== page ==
School Dress Code's 'Distracting' Leggings Battle Rages on


The fight to ban leggings rages on in middle America, but this time protestors sported a snappy new signs with the tagline: “Are my pants lowering your test scores?” Oh, burn.

Last week, we wrote about the debate over leggings in Evanston, Illinois, where female students must meet the following requirements, per the Evanston Middle School dress code: “Shorts, dresses, and skirts must extend closer to the knee than the hip, short shorts or skirts and leggings are unacceptable attire. Pants and shorts must be worn at the waist.” But this debate isn’t so much about clothes as it is about gender roles and community reaction. If a girl wants to wear leggings, then male students should be educated and prepared enough not to act a fool when their classmates walk by in their clothes. Let’s teach the babies before they get that office job and get fired for sexual harassment, shall we?

In fact, one 13-year-old student, Sophie Hasty, put it perfectly over at Slate, saying, “Not being able to wear leggings because it’s ‘too distracting for boys’ is giving us the impression we should be guilty for what guys do.” One parent even echoed Hasty’s statement, saying that the shapelier students are more often targeted by teachers and reprimanded for not following the dress code — their curves are literally breaking the law.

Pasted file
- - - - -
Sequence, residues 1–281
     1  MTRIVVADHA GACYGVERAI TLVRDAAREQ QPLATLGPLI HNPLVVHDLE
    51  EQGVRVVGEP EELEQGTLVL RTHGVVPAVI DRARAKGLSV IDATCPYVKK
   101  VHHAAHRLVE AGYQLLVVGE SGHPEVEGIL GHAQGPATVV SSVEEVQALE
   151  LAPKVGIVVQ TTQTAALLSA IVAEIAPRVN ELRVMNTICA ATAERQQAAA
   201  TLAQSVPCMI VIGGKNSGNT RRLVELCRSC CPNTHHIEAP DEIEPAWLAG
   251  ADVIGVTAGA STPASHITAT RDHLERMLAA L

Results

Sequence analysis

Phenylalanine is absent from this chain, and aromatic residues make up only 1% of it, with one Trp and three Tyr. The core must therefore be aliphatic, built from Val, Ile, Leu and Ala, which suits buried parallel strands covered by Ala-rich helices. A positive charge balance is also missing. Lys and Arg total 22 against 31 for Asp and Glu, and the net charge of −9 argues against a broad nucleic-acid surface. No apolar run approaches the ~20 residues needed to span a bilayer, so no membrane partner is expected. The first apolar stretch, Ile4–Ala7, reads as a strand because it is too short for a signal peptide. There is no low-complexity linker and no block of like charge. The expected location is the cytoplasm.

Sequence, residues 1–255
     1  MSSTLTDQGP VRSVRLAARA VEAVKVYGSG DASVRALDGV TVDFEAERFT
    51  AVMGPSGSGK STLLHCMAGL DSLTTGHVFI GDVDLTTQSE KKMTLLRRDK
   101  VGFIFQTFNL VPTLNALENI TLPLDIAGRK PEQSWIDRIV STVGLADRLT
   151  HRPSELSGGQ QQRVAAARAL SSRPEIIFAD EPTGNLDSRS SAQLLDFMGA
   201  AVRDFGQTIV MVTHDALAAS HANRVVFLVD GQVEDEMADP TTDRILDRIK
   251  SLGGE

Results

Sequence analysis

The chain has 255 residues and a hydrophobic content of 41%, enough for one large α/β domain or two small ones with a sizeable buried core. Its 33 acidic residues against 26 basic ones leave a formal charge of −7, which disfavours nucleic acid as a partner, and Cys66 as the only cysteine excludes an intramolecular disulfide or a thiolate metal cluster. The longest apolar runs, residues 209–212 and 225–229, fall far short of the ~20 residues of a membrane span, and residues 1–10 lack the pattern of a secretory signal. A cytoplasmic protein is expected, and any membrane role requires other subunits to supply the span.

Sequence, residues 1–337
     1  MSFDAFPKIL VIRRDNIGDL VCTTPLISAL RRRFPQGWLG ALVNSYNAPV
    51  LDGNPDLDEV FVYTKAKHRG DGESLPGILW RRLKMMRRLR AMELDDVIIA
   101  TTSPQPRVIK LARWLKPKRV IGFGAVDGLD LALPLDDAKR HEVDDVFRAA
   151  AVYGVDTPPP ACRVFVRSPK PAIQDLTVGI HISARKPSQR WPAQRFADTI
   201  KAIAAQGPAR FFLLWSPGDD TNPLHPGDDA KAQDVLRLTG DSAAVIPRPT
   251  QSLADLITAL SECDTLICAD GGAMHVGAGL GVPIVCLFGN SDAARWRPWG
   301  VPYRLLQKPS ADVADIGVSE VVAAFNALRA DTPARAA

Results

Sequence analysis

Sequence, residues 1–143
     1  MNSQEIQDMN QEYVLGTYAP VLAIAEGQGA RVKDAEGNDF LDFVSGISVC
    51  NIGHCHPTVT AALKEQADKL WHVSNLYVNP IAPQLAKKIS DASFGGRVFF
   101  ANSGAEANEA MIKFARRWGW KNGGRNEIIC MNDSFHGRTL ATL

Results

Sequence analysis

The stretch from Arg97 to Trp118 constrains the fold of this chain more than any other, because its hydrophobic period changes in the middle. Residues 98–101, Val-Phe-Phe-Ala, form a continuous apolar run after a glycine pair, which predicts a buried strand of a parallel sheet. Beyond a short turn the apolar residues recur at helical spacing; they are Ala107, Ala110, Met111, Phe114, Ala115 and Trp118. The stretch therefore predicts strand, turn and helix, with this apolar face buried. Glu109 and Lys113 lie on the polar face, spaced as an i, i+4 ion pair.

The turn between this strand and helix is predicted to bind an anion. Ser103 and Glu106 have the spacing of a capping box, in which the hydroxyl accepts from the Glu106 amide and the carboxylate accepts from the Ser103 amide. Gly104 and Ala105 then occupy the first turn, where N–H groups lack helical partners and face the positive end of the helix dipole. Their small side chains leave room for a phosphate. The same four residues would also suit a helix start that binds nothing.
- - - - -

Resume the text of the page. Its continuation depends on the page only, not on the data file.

Lucy Shapiro, a 12-year-old seventh grader at the school, backed up this claim, telling the Evanston Review that “when both she and a friend were wearing the same type of athletic shorts … a teacher came up and ‘dress-coded’ her, but not her friend” because, she was told, “I had a different body type than my friend.” Added Shapiro: “With all the social expectations of being a girl, it’s already hard enough to pick an outfit without adding in the dress code factor.”

Evanston’s school district promises to further discuss their controversial dress code later this month, which mean this week we imagine, “in an effort to ensure consistency in terms of guidelines and enforcement across schools.”

Image via Getty.

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